Do you have a pet question? Send it to firstname.lastname@example.org or visit Facebook.com/DrMartyBecker.
10 best states
for dog lovers
-- Vermont has been named the best state for dog lovers in a survey by the Insurance Ranked website, which analyzed each state for key metrics such as number of veterinarians, access to parks, dog-friendly rentals, number of pet sitters and crime rates. Vermont scored high for number of veterinarians (62 per 100,000 residents) and ranked fourth for number of dog sitters per 100,000 residents (16.73). Other states in the top 10, in order, are Colorado, Wyoming, Oregon, Washington, Montana, Utah, Idaho, Maine and Arizona. Georgia didn’t make the top 10, but it has the most dog-friendly rental apartments.
-- November is Pet Diabetes Month (usa.petdiabetesmonth.com). The disease affects both dogs and cats, and pets with it may require daily insulin injections, which pet owners can easily learn to give. In cats, the disease can sometimes be managed and even sent into remission with a weight loss plan known as, of course, the Catkins Diet. Cats who have not been treated with insulin also have the option of oral medication that may help control the disease. Find more information about injection training for pets here: fearfreehappyhomes.com/fear-free-injection-training-for-your-diabetic-pet.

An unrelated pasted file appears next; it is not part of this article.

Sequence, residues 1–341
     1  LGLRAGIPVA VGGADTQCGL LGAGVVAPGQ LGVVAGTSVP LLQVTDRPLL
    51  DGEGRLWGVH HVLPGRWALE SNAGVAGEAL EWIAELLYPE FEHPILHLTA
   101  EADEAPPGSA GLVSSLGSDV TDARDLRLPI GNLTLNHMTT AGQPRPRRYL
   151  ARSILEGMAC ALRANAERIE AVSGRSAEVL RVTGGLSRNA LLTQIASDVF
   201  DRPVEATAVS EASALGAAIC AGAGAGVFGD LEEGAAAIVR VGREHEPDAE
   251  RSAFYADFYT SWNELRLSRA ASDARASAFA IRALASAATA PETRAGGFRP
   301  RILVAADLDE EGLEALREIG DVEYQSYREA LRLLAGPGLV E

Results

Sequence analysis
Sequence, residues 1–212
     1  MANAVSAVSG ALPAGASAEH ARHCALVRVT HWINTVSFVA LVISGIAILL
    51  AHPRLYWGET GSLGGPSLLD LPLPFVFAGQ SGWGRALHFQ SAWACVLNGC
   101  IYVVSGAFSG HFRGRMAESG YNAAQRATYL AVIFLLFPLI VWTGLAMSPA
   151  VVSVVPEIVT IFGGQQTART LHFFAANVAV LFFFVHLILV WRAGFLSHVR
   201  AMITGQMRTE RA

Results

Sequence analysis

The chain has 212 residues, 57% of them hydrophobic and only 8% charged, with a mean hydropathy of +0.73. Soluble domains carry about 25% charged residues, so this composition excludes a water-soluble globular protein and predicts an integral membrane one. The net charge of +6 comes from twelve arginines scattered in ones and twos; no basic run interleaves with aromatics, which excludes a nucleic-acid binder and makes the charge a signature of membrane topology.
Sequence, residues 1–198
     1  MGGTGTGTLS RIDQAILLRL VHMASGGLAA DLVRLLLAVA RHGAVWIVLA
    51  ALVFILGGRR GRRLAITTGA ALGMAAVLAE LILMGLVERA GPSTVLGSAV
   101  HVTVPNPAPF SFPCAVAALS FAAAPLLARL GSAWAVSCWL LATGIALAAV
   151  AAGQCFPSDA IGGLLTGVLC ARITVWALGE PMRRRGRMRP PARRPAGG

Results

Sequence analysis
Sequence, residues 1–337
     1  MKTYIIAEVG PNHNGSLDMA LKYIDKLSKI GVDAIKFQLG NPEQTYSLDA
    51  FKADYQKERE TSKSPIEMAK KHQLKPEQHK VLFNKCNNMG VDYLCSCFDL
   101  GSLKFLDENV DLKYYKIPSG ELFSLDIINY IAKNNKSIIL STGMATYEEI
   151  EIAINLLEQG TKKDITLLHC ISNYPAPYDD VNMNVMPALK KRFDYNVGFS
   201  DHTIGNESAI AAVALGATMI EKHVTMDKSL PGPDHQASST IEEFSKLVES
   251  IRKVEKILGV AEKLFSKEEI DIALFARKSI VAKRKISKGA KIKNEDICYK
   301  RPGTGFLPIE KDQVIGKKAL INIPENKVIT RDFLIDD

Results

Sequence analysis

-- Fall seems like a benign time of year, but it has some hazards. Here’s what to know to keep pets safe. Leaf piles provide a cozy environment for beneficial insects, enrich soil and provide nesting material for animals and amphibians, but damp piles can harbor potentially toxic fungi and molds, so keep pets out of them. Acorns can cause intestinal upset in dogs that eat them, so rake and remove them. On hikes, put a bright orange safety vest on your dog. Indoors, make sure pets can’t access mothballs that may have been tucked in with sweaters and blankets. The pesticides can be inhaled, absorbed through the skin, or if eaten, absorbed through the stomach and intestines. -- Dr. Marty Becker, Kim Campbell Thornton and Mikkel Becker
ABOUT PET CONNECTION
Pet Connection is produced by a team of pet care experts. Veterinarian Dr. Marty Becker is founder of the Fear Free organization, co-founder of VetScoop.com and author of many best-selling pet care books. Kim Campbell Thornton is an award-winning journalist and author who has been writing about animals since 1985. Mikkel Becker is a behavior consultant and lead animal trainer for Fear Free Pets. Dr. Becker can be found at Facebook.com/DrMartyBecker or on Twitter at DrMartyBecker. Kim Campbell Thornton is at Facebook.com/Kim.CampbellThornton and on Bluesky at kimthornton.bsky.social. Mikkel Becker is at Facebook.com/MikkelBecker and on Twitter at MikkelBecker.